The present study aimed at identifying the COS markers through computational approach and validating some of them in wet-lab screening lead us to use of this new ortholog resource can shed light on issues related to comparative genomics, molecular systematics, and gene evolution studies in the Vigna genus. COS markers thus selected can further be taken for characterization to test their applicability for phylogenetic studies in Asiatic Vigna species as COS markers are evolutionary conserved single-copy genes of great use in constructing syntenic genetic maps among species. The COS markers reported here will be useful for comparative mapping at the family level and may help to establish the syntenic relationship between genomes of different Vigna species, allowing a picture of chromosome evolution. In this study, a set of 230 COS markers were identified using ESTs of four Vigna species and some amplified in V.radiata can serve as anchor markers for a syntenic map of other Vigna species. This study forms the basis for a number of significant outcome for genomics of Vigna in general: (1) the genic markers developed here may be used across Vigna species to determine patterns of chromosomal evolution, as argued previously for markers with defined utility [17], and to characterize syntenic relationships between V. radiata and other related species under cultivation; (2) with the aid of shared anchor markers, the Vigna map created may be integrated with all existing legume maps containing various important domestication traits; (3) the high levels of syntenic relationships if detected between these species will enable the future identification of tightly linked markers for direct marker-assisted trait selection and future mapbased isolation of candidate genes.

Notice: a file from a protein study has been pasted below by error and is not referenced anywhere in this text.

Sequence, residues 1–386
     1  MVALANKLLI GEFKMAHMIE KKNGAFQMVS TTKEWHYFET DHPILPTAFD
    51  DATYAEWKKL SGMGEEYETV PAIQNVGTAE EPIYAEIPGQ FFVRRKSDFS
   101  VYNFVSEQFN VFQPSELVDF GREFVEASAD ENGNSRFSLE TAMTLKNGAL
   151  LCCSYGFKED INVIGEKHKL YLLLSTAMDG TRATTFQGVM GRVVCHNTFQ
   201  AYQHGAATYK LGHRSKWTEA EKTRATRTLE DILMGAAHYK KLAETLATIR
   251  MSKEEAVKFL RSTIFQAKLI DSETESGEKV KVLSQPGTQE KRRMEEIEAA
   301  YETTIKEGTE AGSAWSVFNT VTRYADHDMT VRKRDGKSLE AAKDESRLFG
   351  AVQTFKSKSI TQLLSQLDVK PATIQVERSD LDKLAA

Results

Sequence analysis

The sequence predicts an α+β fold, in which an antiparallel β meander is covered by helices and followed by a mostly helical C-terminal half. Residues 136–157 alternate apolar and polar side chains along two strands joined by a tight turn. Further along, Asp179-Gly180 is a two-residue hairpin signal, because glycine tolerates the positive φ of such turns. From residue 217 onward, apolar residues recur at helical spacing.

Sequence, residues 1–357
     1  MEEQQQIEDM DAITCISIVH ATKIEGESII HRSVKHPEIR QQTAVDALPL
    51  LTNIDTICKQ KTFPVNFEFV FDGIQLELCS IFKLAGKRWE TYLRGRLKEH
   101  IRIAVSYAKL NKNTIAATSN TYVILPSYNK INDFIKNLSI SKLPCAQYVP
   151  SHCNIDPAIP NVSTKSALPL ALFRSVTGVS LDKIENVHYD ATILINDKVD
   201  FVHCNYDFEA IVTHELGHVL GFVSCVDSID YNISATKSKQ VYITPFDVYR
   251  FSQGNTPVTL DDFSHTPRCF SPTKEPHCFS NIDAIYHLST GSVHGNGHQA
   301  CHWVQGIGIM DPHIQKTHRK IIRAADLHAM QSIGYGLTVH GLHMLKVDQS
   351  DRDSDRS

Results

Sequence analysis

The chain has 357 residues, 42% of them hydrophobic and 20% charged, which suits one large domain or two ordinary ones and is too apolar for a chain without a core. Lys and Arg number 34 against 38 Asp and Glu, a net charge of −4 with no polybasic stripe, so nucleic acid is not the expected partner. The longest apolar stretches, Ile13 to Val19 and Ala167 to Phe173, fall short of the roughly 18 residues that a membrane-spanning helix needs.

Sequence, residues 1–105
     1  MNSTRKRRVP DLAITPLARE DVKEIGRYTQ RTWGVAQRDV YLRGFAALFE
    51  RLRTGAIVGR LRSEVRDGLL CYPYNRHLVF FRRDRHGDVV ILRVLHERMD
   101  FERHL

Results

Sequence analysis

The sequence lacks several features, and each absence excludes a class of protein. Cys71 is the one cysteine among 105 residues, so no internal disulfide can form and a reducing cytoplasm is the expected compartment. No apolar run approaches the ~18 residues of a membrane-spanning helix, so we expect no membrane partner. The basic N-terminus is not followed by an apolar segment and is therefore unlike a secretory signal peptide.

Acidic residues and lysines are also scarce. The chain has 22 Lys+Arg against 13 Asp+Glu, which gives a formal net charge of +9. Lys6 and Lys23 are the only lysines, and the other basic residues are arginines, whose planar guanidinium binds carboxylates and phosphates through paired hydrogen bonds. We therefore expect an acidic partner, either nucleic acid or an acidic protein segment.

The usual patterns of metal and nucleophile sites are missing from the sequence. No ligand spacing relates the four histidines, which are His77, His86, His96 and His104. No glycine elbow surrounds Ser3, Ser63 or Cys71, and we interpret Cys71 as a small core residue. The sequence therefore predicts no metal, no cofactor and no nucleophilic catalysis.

COS markers conserved in legume species can be used in phylogenetic studies and in the identification of conserved noncoding regions or to make comparative maps of major crop species. Although the amount of genetic data available for plants is increasing exponentially, most of the work is being done in just a few species. The identification of a set of such markers common to a variety of species within genus would allow researchers studying less wellcharacterized plant species to take advantage of gains being made in legume species such as Medicago, soybean and other model or reference plant species. Because ESTs give an idea of the genes expressed in an organism, and because EST data are abundant for a variety of species, ESTs are ideal starting material for the identification of genes conserved among species.

Acknowledgment

The authors are thankful to the Director, NBPGR, New Delhi, for providing the facilities for the research work. The scholarship provided to the author1 by the Indian Council of Agricultural Research, New Delhi, India, for pursuing Ph.D. research from Indian Agricultural Research Institute, New Delhi is gratefully acknowledged.